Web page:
EOS is the token that powers EOS.IO, which acts as an operating system in a computer that manages and controls EOS blockchain. A developer needs to hold EOS coins instead of spending them, to use the network resources to build and run decentralized applications (what is dApp).
Between June 26, 2016, and July 1, 2017, a total of 200 million or 20% of the total EOS tokens were distributed. Currently, 1.02 billion tokens are being distributed on an ongoing basis. 100 million coins are being held in an escrow for block.one.
EOS vs NEO: Transaction Speed and Fees
Transaction speed has always been one of the major benefits of NEO. NEO is mostly known for its high transaction throughput that supports up to 10,000 transactions a second. For consensus bookkeeping, nodes are selected randomly to process transactions on a network based on overlapping networks of trust. Currently, NEO project does not charge people any fees for using the network.
EOS, on the other hand, has grown in popularity in part because of the huge number of transactions it can process a second. High scalability means the project blockchain can handle over one million transactions a second, through horizontal scaling. However, the current recorded highest TPS is 3,996.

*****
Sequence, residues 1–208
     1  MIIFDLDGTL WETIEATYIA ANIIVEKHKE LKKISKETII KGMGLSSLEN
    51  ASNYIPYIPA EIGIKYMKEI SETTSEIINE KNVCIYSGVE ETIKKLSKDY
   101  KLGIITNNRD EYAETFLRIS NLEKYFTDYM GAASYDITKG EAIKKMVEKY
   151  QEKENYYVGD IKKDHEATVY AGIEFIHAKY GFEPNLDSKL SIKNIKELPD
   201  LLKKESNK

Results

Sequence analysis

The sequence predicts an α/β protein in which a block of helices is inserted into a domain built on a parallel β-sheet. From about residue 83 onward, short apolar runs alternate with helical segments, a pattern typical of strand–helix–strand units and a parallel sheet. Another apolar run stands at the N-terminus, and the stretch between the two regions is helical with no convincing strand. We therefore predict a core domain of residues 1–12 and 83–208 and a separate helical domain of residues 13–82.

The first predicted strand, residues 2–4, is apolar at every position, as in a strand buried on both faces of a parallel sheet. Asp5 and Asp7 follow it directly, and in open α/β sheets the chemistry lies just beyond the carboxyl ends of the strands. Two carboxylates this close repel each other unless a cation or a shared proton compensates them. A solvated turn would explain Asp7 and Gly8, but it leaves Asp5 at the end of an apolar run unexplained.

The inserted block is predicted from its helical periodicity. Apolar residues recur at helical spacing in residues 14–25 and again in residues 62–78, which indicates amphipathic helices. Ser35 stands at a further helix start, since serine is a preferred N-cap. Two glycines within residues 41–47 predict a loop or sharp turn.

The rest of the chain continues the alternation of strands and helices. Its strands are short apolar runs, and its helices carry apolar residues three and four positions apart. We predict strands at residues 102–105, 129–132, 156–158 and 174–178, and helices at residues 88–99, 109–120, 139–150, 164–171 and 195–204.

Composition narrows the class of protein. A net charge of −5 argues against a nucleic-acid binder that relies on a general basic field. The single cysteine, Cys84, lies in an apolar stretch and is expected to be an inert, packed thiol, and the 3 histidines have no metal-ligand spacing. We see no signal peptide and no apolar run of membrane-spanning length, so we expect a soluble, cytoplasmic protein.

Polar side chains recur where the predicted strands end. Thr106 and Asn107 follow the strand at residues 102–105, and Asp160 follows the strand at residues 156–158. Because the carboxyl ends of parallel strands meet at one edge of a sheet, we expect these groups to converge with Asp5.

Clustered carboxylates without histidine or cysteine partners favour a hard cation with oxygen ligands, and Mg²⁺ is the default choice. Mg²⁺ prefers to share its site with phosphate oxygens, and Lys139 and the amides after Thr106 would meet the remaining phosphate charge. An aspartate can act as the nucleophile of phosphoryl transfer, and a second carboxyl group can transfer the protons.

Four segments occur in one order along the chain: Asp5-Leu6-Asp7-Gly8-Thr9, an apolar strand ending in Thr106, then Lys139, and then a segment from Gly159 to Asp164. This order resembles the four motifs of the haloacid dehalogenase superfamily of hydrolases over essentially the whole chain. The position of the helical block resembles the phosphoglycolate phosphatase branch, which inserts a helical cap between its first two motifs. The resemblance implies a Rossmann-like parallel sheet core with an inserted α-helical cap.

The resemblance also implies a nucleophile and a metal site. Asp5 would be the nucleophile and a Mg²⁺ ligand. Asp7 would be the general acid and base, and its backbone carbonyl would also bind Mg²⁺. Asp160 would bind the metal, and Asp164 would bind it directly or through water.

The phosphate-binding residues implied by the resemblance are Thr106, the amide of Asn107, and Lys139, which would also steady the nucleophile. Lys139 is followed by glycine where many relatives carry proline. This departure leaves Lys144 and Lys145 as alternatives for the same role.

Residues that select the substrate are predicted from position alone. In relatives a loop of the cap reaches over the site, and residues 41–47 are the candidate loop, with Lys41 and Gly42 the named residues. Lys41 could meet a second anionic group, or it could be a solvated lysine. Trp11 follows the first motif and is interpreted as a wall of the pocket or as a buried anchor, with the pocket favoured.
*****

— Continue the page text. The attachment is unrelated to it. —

EOS does not require people to make micropayments to perform tasks on the blockchain or send messages. Instead, individual developers are allowed to determine their transaction fees which are usually low. Companies can come with their monetization strategies.
NEO vs EOS: Blockchain Protocol
EOS.IO relies on delegated proof-of-stake and a role-based permission concept for operations. The blockchain protocol allows for flexibility when it comes to making instant decisions such as rollback, freezing, and fixing of apps infected by bugs.
Learn more about the top 7 benefits of EOS blockchain.
NEO, on the other hand, uses Byzantine Fault Tolerance which it says is an improvement of proof-of-work and proof-of-stake. With this algorithm, anyone who holds a NEO can vote on who will be their Consensus Nodes responsible for deciding a block.
While NEO is focused on the smart economy, EOS more aimed at building dApps for a digital world. EOS dApps landscape complete list suggests that they are on their way but it would take some time.
You should take a look at the table below to have a better understanding of EOS vs Ethereum vs NEO
|Launch||January 2018||February 2014||July 2015|
|Country of Origin||USA||China||Russia|
|Consensus Algorithm||Delegated Proof-of-Stake (DPoS)||Delegated Byzantine Fault Tolerance (dBFT)||Proof-of-Work (PoW) and Proof-of-Stake (PoS)|
|Throughput (Recorded Max.)||3,996 TPS||10,000 TPS||25 TPS|
|Transaction Time||1.5 secs||15 secs||6 mins|
|Transaction Cost||0||0, but requires 0.001 GAS for transactions larger than 1024 bytes||Variable, current average transaction fee is 0.0081 ETH|
Both EOS and NEO have the potential to grow with the evolution of blockchain technology. However, EOS seems to have had a better year and seems to have a higher chance of taking Ethereum as a preferred platform for smart contracts and decentralized applications.
If you’re more interested in Ethereum fundamentals and development, you should take a look at our upcoming Beginners Guide to Ethereum Development Course.